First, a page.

Insults between candidates flew from the get go in Thursday’s Republican debate in Detroit, a fiery start to the first match since a majorly defining Super Tuesday.
Donald Trump, who has proven himself as the party’s undisputed frontrunner, took the stage alongside Texas Senator Ted Cruz, Florida Senator Marco Rubio and Ohio Governor John Kasich.
The immediate insults soon morphed into discussions on actual policy -- but viewers were left with a major question: How much truth did the candidates’ claims have?
We’ve teamed up with PolitiFact to rate some of the statements from Thursday’s debate regarding major issues as true or false.
Fact Check #1: Kasich said, “I beat Hillary Clinton more than anybody, more than 11 points,” referring to polling averages.
We looked at polling averages to assess the validity of Kasich’s statement, taking polling averages from RealClearPolitics.com – which averages the most recent polls – as well as the range of results since Feb. 1
The data confirms Kasich’s assertion that he beats Clinton "by more than anybody" still in the race – however, it shows that his edge over Clinton is 7.4 points. That number is still higher than any of the other Republican candidates.
On average, Trump actually loses to Clinton by 3.4 points.
Though it isn’t entirely true that Kasich beats Clinton by 11 points, he did so in his strongest recent poll -- USA Today-Suffolk poll taken between Feb. 11 and Feb. 15.
However, emphasizing that one poll is a bit of cherry picking.
Mostly True – Kasich beats Clinton more than any of the other Republican candidates, but has only beaten her by 11 points once.
Fact Check #2: Trump said Marco Rubio has “the No. 1 absentee record in the United States (Senate), he doesn't show up to vote.”
The facts show that Rubio does receive the “most truant” award, if we’re looking at the past year. From March 2015 through March 2016, Rubio missed 125 votes out of 263 – giving him an absentee rate of 41 percent.
If we look beyond that and examine the career records of the all the Republican presidential candidates, Rubio is in fact tied with one of his rivals, Sen. Ted Cruz of Texas.
It's worth nothing that most of Rubio’s skipped votes came after April 13, the date he announced his candidacy.
"It's not unusual for presidential candidates to miss Senate votes," Rubio spokeswoman Brooke Sammon told the Tampa Bay Times. "Sen. Rubio remains fully engaged in the issues important to Florida and helping Floridians, and as he travels the country to talk about his agenda to help the middle class, there will be no doubt where he stands on any important issues before the Senate."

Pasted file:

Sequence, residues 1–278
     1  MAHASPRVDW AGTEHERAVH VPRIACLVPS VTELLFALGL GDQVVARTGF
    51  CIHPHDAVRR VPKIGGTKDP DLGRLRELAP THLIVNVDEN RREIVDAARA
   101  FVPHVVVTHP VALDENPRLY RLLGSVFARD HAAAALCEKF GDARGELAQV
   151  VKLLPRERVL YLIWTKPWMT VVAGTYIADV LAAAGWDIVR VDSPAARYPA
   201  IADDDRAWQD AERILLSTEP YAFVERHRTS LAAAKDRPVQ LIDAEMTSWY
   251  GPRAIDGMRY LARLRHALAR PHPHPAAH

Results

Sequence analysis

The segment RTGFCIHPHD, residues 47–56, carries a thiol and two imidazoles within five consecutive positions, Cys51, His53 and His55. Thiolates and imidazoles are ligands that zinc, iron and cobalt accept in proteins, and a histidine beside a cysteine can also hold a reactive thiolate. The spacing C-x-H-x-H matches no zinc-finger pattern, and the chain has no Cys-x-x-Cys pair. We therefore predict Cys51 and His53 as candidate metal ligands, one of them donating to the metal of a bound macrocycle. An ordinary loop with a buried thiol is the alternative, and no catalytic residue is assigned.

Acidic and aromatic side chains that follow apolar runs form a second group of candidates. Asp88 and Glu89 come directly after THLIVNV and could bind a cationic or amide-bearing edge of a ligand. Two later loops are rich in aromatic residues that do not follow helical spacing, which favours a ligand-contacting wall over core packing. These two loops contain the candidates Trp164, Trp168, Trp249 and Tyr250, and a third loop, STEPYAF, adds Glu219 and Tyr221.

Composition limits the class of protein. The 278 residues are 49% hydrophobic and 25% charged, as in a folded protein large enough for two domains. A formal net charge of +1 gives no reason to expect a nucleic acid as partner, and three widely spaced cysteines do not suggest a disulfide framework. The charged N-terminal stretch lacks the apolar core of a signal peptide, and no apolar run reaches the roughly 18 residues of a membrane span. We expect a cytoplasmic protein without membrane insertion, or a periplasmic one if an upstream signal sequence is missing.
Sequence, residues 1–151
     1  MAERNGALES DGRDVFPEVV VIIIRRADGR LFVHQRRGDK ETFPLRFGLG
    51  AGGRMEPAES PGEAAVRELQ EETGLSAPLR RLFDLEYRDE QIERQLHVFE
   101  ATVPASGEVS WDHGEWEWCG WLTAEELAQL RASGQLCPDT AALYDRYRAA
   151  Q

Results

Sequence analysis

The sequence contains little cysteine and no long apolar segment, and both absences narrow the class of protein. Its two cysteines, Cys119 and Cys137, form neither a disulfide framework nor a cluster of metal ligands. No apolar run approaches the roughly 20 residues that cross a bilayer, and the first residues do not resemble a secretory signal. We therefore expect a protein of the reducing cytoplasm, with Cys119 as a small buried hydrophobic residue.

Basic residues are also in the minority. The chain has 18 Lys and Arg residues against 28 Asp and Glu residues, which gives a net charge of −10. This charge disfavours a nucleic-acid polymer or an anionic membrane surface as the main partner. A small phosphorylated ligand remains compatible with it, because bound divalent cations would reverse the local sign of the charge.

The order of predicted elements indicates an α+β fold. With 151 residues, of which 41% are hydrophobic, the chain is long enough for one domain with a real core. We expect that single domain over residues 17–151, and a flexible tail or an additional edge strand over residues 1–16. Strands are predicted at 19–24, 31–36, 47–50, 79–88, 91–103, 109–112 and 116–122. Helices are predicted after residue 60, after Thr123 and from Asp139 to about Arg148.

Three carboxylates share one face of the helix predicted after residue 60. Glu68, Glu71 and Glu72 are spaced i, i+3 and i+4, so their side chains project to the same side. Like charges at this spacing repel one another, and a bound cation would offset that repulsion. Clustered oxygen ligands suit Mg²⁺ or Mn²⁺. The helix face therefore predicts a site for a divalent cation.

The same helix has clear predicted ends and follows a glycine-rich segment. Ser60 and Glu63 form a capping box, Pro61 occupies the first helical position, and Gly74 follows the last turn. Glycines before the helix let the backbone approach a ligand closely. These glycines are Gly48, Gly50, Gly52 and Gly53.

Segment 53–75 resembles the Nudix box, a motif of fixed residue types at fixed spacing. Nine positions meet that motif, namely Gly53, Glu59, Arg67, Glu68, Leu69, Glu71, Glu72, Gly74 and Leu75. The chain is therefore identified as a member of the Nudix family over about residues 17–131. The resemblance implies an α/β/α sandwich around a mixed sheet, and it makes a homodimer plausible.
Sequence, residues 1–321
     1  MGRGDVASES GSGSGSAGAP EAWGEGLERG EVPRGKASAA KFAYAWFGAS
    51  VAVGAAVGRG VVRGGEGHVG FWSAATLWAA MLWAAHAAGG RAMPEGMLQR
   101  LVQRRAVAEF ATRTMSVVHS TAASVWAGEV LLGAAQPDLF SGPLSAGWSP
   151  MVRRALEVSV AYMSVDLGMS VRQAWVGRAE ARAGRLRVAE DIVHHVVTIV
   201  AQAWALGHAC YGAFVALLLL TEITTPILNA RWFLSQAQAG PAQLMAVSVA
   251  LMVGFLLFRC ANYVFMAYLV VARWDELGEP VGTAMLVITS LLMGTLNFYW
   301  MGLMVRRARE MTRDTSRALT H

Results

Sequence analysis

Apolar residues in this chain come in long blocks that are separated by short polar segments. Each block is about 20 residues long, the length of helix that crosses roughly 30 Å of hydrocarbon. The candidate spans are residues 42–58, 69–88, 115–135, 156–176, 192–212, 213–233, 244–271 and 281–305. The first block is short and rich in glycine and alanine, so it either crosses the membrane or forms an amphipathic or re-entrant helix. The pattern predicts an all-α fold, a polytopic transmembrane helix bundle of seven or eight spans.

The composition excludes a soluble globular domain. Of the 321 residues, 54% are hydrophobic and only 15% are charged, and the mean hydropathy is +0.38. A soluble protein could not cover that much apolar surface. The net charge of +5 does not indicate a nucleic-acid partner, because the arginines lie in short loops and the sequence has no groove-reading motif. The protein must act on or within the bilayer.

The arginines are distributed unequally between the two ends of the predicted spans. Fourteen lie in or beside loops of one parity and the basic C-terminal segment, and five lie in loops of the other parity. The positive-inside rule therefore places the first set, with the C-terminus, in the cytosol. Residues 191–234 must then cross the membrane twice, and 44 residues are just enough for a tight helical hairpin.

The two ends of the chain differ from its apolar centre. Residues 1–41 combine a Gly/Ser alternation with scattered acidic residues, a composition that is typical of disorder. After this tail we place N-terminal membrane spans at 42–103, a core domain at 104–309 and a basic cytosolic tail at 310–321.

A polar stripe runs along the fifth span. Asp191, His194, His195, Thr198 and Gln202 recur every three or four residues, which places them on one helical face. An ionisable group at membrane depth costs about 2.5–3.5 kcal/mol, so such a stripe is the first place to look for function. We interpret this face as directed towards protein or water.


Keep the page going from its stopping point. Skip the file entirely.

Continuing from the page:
As for overall attendance, Cruz and Rubio both have a career absentee rate of 14.8 percent.
Both candidates are far from the worst-ever offenders, coming out ahead of President Barack Obama who missed 24.2 percent of votes in his brief Senate career.
Another Senator, Maryon Allen, D-Ala., racked up a 43.5 percent absentee rate during her five-month stint in the Senate in 1978.
Mostly True – Trump’s statement was accurate if we’re looking at votes missed in this past year.
Fact Check #3: Trump said the wives of the 9/11 hijackers "knew exactly what was happening" and went back to Saudi Arabia two days before the attacks to watch their husbands on television flying the planes.
"They left two days early with respect to the World Trade Center and they went back to where they went and they watched their husband on television flying into the World Trade Center, flying into the Pentagon and probably trying to fly into the White House except we had some very, very brave souls on that third plane,” he said, in part.
This isn’t the first time Trump has made this claim.
During the December 15 GOP debate in Las Vegas, Trump was more specific, saying that friends, family, girlfriends "were put into planes and they were sent back, for the most part, to Saudi Arabia. They knew what was going on. They went home and they wanted to watch their boyfriends on television."
But is this true?
Citing a 9/11 Commission report, Politifact found that of all the hijackers, not one had a wife, girlfriend or family member in the United States during the days or months leading up to the hijackings.
Not all were pinpointed, but "they sure weren’t living in the United States," Philip D. Zelikow, executive director of the 9/11 Commission, told PolitiFact in mid-December.
It’s worth noting that Trump’s words might reflect some confusion with the hastily organized departures of members of Osama bin Laden’s extended family -- not any wives or girlfriends of bin Laden himself -- a few days after the attack.
False – pants on fire false, actually.
Fact Check #4: Cruz said "Donald Trump has written checks to Hillary Clinton not once, not twice, not three times. Ten times. And four of those checks were not to her Senate campaign. It wasn't that she was the New York senator and it was a cost of doing business. It was to her presidential campaign."
Though we found that Trump has indeed given multiple donations to Clinton, including to her 2008 presidential campaign, Cruz's count is too high.
Looking at records of Trump’s donations, it appears that he made only seven donations in total to Clinton, not four, while only two of those were presidential contributions.
Furthermore, the total amount of Trump donations to Clinton’s presidential campaign were refunded in November 2009.
It wasn't clear who requested the refund.
On a side note, other members of Trump’s family also gave donations Clinton over the years totaling nearly $15,000.
Half True – While Cruz has a point that Trump has made multiple campaign donations to Clinton, he overstated the amounts.